British reality show Love Island has been called out time and time again for its politics surrounding the LGBTQ community. Earlier this year, they were accused of queer-baiting, as the show’s host and creators teased an upcoming queer season, clad with “gay villas” and all. But when the dating show returned in June, there were no signs of queer inclusion or any changes at all. In 2016, two of the female contestants on the show, Katie Salmon and Sophie Gradon, famously hooked up, but were told that they weren’t allowed to couple up (the premise of the show is similar to Bachelor in Paradise, in that contestants “survive” the island by coupling up with someone of the opposite sex).
As previously mentioned, The Bachelor Australia has had mild successes with the LGBTQ community, and is probably the most inclusive iteration of the franchise — but no thanks to the actual show. Last month, contestant Brooke Blurton came out as bisexual. She is the fifth female contestant on the Australian show to come out as bi, joining Natalie Holmberg in 2017 and Megan Marx in 2016, who actually left The Bachelor to date her co-star Tiffany Scanlon (the couple has since broken up). The woman who won the 2016 season, Alex Nation, also identified as bi, as did 2015’s Heather Maltman.
No out male bisexual contestant has ever appeared on any show in the Bachelor universe, which is unsurprising given the state of representation for male bisexuality in TV — according to GLAAD, bisexuals make up only 28 percent of bisexual regular characters on TV, with 75 of those characters being women, and just 18 being male.
So, while international fans of The Bachelor and similar reality dating shows have seen scant bi characters come out, date women, and find happiness — however fleeting — it wasn’t until this week’s episode of The Bachelor Vietnam that viewers could watch a queer storyline actually play out on the show.
“I went into this competition to find love and I’ve found that love for myself, but it isn’t with you,” Minh Thu told Bachelor Nguyen Quoc through tears. “It’s with someone else.” Thu then approached Truc Nhu and said, “Come home with me.”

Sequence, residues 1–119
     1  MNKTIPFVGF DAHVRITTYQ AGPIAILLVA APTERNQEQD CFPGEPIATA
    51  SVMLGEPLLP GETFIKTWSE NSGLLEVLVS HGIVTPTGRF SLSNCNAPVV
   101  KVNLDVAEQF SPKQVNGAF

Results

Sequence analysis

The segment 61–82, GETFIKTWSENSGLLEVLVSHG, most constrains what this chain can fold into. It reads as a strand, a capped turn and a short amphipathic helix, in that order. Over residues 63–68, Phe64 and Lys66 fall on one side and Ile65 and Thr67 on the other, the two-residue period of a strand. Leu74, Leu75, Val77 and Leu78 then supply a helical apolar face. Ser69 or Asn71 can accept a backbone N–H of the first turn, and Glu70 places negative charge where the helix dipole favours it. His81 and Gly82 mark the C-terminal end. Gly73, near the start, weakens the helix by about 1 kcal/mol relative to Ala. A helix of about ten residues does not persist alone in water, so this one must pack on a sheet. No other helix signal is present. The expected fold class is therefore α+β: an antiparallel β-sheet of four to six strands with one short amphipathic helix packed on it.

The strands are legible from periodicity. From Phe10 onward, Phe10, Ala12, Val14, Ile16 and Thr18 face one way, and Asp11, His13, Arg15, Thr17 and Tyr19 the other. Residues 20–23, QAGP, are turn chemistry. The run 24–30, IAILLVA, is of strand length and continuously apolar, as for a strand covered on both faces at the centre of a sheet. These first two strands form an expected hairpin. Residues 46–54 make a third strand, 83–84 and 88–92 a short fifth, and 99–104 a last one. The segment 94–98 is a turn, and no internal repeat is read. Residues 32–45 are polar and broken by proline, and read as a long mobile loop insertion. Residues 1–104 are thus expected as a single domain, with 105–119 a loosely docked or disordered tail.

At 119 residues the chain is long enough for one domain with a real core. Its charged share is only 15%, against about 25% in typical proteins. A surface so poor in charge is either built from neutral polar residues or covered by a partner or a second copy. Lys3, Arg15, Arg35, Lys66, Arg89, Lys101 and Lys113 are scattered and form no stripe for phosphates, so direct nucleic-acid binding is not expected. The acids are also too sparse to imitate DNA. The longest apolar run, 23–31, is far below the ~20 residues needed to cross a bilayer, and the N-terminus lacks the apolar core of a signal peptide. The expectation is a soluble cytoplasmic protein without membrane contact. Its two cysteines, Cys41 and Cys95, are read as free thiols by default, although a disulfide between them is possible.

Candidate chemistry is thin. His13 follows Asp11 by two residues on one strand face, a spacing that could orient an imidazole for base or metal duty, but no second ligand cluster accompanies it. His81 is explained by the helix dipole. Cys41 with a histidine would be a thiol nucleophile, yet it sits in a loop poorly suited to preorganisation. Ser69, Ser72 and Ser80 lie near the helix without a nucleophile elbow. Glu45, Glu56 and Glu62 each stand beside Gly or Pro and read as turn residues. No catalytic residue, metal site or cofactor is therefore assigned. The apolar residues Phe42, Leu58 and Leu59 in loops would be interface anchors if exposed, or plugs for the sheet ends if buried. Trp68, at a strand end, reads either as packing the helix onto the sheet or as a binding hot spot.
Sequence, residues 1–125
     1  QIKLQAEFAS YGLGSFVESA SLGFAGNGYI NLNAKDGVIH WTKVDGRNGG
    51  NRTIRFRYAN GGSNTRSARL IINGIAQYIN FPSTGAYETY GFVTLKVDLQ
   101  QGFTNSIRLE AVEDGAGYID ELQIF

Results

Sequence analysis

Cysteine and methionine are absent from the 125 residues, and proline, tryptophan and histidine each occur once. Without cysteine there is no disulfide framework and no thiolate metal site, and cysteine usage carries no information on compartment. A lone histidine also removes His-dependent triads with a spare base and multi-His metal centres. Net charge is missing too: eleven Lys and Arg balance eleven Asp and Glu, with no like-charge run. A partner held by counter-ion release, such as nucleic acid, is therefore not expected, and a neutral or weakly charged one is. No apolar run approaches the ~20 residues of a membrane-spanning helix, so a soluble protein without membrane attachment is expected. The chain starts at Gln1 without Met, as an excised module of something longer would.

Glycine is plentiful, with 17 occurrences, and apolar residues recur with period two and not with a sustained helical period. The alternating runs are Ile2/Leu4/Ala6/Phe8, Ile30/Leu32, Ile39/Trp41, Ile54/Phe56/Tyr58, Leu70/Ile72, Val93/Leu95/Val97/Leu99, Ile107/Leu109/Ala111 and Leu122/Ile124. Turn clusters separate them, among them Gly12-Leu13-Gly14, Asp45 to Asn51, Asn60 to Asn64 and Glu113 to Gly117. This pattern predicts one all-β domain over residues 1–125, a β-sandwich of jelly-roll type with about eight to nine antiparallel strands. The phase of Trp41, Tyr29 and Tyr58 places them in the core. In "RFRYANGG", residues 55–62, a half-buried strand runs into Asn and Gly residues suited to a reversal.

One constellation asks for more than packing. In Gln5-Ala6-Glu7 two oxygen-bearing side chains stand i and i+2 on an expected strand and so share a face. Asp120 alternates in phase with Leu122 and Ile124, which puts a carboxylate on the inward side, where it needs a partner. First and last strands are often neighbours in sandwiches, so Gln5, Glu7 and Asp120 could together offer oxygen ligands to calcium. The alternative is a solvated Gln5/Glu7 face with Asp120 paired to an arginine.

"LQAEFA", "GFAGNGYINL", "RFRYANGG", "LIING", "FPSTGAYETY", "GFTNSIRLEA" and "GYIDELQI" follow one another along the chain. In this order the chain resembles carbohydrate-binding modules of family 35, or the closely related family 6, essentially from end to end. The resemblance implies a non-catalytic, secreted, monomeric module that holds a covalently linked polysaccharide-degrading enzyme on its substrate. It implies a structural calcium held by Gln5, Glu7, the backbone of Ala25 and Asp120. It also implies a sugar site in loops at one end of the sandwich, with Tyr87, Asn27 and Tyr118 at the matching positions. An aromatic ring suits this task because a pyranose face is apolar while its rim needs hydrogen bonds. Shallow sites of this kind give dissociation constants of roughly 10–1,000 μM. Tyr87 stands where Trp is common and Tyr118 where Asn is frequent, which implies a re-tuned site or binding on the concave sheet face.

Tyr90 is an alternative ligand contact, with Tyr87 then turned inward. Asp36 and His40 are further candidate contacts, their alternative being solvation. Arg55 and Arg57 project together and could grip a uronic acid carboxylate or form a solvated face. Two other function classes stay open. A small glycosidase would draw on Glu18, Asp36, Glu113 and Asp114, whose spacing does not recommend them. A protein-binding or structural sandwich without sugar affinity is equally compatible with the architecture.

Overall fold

The moment was saccharine and heartfelt in all the right ways, and the couple even brought their fellow contestants to tears. It was a moment I definitely hope to see repeated on American television. However, I don’t think it’s too much to ask that The Bachelor format be updated after 16 years to better reflect the American public and be more inclusive of LGBTQ people. Right now, the format is almost laughably outdated.
There has been much discourse within the LGBTQ community surrounding a queer dating show a la The Bachelor. Logo threw its hat in the ring with Finding Prince Charming in 2016, a dating show that only featured gay men (obviously), but gay critics slammed the show as “lifeless” and “bad reality TV.” Some queer creators have taken swings at filming low-budget lesbian dating shows, which have been unsuccessful, unfortunately. If not The Bachelor, then hopefully a new, mainstream, more inclusive reality dating show will emerge in the near future.
The Bachelor isn’t anti-gay; if they were, they wouldn’t have welcomed Jason Tartick’s gay brother and his husband with open arms in the final weeks of The Bachelorette Season 14. However, their deliberate and consistent exclusion of queer people sends a message to the queer community that our stories are too scandalous or disagreeable for mainstream primetime reality TV. The LGBTQ community knows that’s not true — but does The Bachelor franchise?